Table 1: Manually curated DRC lineages based on minimum number of introductions required to explain diversity observed within the DRC sequence data.

DRC Lineage Num Taxa Lineage Date range
DRC_1 57 B.1 2020-03-17,2020-04-24
DRC_2 14 B.1 2020-03-19,2020-04-25
DRC_3 11 B.1.1.1 2020-03-21,2020-04-16
DRC_4 8 B.1 2020-03-15,2020-04-22
DRC_5 8 B.1 2020-03-19,2020-04-24
DRC_6 4 B.1 2020-03-17,2020-04-17
DRC_7 3 B.1 2020-03-25,2020-03-26
DRC_8 2 B.1 2020-04-15,2020-04-15
DRC_9 2 B.1 2020-03-14,2020-03-22
DRC_10 1 A 2020-03-22
DRC_11 1 A 2020-04-25
DRC_12 1 B.1 2020-03-18
DRC_13 1 B.1 2020-04-17
DRC_14 1 B.1 2020-03-09
DRC_15 1 B.1.1 2020-03-22
DRC_16 1 B.1.1.1 2020-03-28
DRC_17 1 B.1 2020-03-26
DRC_18 1 B.1.6 2020-03-21
DRC_19 1 B.1 2020-04-03
DRC_20 1 B.4 2020-03-20
DRC_21 1 B.2.1 2020-03-20
DRC_22 1 B.1 2020-04-18
DRC_23 1 B.1 2020-04-24
DRC_24 1 B.2 2020-04-05
DRC_25 1 B.1 2020-03-11
DRC_26 1 B.2.1 2020-03-17
DRC_27 1 B.1 2020-04-14

Methods

We downloaded all available GISAID data on 2020-05-26 and filtered out any sequences that were not full genomes and those with >5% N content. 127 sequences from the DRC were in the dataset at time of analysis. We masked out the untranslated regions at either end of the genome, leaving only coding sequences. We ran PANGOLIN on the DRC sequence data to estimate the global lineages present in the DRC. This data was subsampled to only contain representative sequences from each country over time, with emphasis on the lineages present in the DRC. All sequences from the DRC data were included. After subsampling, a total of 1,312 sequences were included in this analysis. These sequences were aligned using MAFFT [2] and IQTREE [2,3] was used to estimate a maximum-likelihood phylogeny with 10,000 ultrafast bootstraps. We used a custom script to collapse polytomies, available on request.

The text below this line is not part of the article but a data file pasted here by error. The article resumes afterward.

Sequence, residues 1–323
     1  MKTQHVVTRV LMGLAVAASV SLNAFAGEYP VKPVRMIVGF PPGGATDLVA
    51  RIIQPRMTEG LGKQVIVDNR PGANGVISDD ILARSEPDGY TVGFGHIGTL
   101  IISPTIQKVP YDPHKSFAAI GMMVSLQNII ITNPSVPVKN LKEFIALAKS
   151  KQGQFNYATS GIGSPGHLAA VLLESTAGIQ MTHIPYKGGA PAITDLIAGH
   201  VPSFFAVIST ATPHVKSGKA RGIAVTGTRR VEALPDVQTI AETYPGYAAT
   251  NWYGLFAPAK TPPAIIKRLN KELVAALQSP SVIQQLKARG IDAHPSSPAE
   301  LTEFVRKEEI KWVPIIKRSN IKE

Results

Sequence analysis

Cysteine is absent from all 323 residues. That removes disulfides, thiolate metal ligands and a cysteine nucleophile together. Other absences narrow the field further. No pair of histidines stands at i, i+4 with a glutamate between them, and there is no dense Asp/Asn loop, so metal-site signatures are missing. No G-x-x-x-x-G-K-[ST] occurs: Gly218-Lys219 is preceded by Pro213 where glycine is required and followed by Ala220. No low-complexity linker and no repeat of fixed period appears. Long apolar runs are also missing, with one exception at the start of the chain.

We labelled the tips of the tree with True/ False for DRC vs the rest of the world and reconstructed the ancestral states using ACCTRANS and DELTRANS parsimony algorithms to get upper bound estimates for the number of introduction events into the DRC. To get the minimum number of introductions that would explain the diversity seen within the DRC sequence data relative to the context of global sequences, the global tree of all GISAID sequences, including DRC sequences, was manually inspected. DRC sequences were assigned an introduction based on this minimal-conservative estimate.

Contributors

Prof. Jean-Jacques Muyembe-Tamfum1,2
Prof. Steve Ahuka-Mundeke1,2
Prof. Placide Mbala-Kingebeni1,2,3
Edith Nkwembe-Mgabana1,2
Eddy Kinganda-Lusamaki1,2
Adrienne Amuri-Aziza1
Francisca Muyembe-Mawete1,2
Emmanuel Lokilo-Lofiko1
Changa-Changa Jean Claude1
Akonga Okito Marceline1
Nsunda Makanzu Bibiche1
Dr. Michael Wiley4
Catherine Pratt4
Matthias Pauthner5
Kristian Andersen5
Josh Quick6
Nick Loman6
Áine O’Toole7
Andrew Rambaut7
Ian Goodfellow8

1Institut National de Recherche Biomédicale (INRB)
2School of Medicine Kinshasa University
3TransVIHMI, IRD, INSERM, University of Montpellier
4University of Nebraska Medical Center
5Scripps Research Center, La Jolla, CA, USA
6Institute of Microbiology and Infection, School of Biosciences, University of Birmingham, UK
7Institute of Evolutionary Biology, University of Edinburgh, Ashworth Laboratories, Edinburgh, UK